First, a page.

Friday, 3 January 2014


2:30 a.m. and a booming thud awakens me. Another frost quake, I reason. Unlike the first experience, I do not sit bolt upright in bed waiting for a plane wing to slice through our bedroom ceiling or our furnace to violently explode.  Just dozing off, I am treated to a second, but lesser, thud that shakes the house. After shock, I muse and attempt to fall asleep, but the damage is done. I am awake! I should say, I AM AWAKE!
The glare of the digital minutes ticking by on the radio alarm clock taunt me as blissful sleep is now agonizingly elusive. Puffed and re-puffed pillow. Stretch, curl up in a fetal position, left side, right side, back!  Blankets thrown off, blankets pulled on. Where are you, sleep? Please find me.
3:30 a.m. and wide-eyed, I stare into the darkness. Random thoughts do battle with each other in my brain. Is the window open? We sleep with our window open - a slight slit in the winter, wider during spring, summer and autumn.  Nestled between Yonge Street, Bayview Avenue and Highway 7, our old Thornhill home for thirty-five years serenaded us with a nighttime symphony as our community grew around us - the remote rumble of trains, scream of sirens, screech of tires on Yonge or Bayview, distant hum of Highway 407 and the occasional roar of jet engines on their approach to Pearson  Never had trouble sleeping before, I tell myself.  Ears alert and sensitive, I now listen to Uxbridge - silent, peaceful, serene. Perhaps this silence is deafening, I wonder.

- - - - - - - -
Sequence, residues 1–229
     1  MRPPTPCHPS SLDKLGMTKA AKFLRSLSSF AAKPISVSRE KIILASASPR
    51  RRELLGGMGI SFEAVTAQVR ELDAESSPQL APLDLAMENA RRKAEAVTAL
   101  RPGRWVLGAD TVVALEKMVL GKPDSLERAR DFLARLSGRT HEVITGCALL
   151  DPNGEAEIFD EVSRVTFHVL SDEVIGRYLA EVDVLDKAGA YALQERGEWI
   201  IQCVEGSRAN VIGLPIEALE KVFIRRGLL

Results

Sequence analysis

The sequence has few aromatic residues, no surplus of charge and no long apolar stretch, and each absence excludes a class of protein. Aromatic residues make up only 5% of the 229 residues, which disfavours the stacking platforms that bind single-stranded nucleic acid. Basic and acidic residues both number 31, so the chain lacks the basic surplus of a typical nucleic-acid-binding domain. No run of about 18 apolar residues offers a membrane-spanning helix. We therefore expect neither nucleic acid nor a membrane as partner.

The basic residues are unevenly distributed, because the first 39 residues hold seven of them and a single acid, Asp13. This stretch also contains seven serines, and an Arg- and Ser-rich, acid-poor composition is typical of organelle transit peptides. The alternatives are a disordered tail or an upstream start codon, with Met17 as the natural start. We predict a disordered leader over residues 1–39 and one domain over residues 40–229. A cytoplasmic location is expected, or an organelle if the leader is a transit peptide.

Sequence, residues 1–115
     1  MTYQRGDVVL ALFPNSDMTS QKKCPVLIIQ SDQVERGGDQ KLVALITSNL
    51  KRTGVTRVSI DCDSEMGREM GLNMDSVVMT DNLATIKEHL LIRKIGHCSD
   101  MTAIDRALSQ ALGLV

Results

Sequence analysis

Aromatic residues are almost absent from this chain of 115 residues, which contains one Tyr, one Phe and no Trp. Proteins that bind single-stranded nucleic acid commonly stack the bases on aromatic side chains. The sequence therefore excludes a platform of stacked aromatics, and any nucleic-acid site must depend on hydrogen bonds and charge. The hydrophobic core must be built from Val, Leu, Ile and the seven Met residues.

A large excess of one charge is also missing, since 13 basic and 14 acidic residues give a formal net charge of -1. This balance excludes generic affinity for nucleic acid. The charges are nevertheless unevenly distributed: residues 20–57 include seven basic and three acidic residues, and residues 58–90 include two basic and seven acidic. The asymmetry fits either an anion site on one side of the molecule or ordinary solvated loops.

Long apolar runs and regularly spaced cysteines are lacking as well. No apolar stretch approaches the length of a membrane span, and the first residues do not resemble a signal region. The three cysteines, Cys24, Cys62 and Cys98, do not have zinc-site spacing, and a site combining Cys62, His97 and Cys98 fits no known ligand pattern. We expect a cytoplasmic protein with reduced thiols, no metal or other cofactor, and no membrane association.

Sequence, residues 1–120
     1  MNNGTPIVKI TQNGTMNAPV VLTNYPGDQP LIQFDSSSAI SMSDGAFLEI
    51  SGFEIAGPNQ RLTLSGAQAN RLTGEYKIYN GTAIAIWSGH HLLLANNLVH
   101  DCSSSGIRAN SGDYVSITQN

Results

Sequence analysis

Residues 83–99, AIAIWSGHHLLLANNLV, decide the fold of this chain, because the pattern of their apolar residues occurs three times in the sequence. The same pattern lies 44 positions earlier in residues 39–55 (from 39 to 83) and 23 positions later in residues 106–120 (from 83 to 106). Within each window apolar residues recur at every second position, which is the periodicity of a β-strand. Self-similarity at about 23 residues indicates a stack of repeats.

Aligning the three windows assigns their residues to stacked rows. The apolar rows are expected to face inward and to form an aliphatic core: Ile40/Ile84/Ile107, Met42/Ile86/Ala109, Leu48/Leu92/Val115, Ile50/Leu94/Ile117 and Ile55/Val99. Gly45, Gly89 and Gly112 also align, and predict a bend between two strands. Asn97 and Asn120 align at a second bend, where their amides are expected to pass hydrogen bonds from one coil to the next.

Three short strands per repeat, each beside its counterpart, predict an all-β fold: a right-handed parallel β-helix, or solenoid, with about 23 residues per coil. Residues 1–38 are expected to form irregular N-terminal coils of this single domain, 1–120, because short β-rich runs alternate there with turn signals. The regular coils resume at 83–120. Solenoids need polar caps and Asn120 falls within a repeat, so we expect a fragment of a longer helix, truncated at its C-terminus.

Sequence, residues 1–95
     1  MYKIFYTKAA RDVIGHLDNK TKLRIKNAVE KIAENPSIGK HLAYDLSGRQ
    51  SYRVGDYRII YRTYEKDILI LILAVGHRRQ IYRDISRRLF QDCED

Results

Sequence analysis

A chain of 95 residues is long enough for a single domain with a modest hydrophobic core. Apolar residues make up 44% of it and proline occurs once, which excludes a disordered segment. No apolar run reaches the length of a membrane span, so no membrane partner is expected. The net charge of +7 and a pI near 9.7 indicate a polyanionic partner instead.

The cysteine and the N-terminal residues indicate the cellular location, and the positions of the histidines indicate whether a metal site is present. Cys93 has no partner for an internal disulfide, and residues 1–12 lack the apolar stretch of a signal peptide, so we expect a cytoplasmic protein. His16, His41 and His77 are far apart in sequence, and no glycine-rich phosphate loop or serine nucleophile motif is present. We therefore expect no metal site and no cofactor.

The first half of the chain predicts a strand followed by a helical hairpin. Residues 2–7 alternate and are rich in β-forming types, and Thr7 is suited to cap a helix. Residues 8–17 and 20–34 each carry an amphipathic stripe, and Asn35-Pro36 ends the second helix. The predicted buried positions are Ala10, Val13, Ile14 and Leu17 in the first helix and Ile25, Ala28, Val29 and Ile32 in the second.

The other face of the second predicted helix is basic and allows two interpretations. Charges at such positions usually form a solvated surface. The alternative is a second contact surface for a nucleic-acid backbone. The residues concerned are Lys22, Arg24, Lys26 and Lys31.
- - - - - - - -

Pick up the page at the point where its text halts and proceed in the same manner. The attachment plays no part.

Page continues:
4:00 a.m. Count sheep. Think monotonous thoughts. Name all of the books you read last year. Better yet, name all of your teachers from Kindergarten to Grade 13. And then I glance at Jim, soundly sleeping like a baby. Damn! At this moment I could learn to hate the man I love. I overcome the selfish urge to shake him awake just for the company. Come on, Hypnos, help me out here, I beg.
4:30 a.m. Uncle, I grudgingly mutter, admit defeat and drag my sorry body to the kitchen. Early, early morning coffee in hand, through bleary eyes I watch our world slowly come to life for another day.

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